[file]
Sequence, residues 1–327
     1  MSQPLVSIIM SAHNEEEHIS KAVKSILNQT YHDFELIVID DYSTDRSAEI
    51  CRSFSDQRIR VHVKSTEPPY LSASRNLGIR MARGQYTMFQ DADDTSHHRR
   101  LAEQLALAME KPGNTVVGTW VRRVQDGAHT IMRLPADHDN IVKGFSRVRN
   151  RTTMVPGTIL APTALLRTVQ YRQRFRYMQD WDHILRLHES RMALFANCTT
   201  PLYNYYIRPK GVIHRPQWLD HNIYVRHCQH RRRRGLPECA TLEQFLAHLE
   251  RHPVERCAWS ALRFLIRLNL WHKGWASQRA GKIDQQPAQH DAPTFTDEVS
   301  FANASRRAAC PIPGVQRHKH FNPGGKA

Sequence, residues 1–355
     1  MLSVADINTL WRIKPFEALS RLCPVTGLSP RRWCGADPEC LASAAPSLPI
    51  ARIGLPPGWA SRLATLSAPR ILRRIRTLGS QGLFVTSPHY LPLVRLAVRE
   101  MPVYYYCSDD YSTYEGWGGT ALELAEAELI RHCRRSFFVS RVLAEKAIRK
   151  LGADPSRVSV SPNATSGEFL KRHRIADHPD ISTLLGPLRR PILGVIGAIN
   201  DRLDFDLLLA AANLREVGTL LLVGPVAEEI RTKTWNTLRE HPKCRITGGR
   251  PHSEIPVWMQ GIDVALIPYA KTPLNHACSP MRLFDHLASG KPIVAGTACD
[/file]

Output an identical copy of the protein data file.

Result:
Sequence, residues 1–327
     1  MSQPLVSIIM SAHNEEEHIS KAVKSILNQT YHDFELIVID DYSTDRSAEI
    51  CRSFSDQRIR VHVKSTEPPY LSASRNLGIR MARGQYTMFQ DADDTSHHRR
   101  LAEQLALAME KPGNTVVGTW VRRVQDGAHT IMRLPADHDN IVKGFSRVRN
   151  RTTMVPGTIL APTALLRTVQ YRQRFRYMQD WDHILRLHES RMALFANCTT
   201  PLYNYYIRPK GVIHRPQWLD HNIYVRHCQH RRRRGLPECA TLEQFLAHLE
   251  RHPVERCAWS ALRFLIRLNL WHKGWASQRA GKIDQQPAQH DAPTFTDEVS
   301  FANASRRAAC PIPGVQRHKH FNPGGKA

Sequence, residues 1–355
     1  MLSVADINTL WRIKPFEALS RLCPVTGLSP RRWCGADPEC LASAAPSLPI
    51  ARIGLPPGWA SRLATLSAPR ILRRIRTLGS QGLFVTSPHY LPLVRLAVRE
   101  MPVYYYCSDD YSTYEGWGGT ALELAEAELI RHCRRSFFVS RVLAEKAIRK
   151  LGADPSRVSV SPNATSGEFL KRHRIADHPD ISTLLGPLRR PILGVIGAIN
   201  DRLDFDLLLA AANLREVGTL LLVGPVAEEI RTKTWNTLRE HPKCRITGGR
   251  PHSEIPVWMQ GIDVALIPYA KTPLNHACSP MRLFDHLASG KPIVAGTACD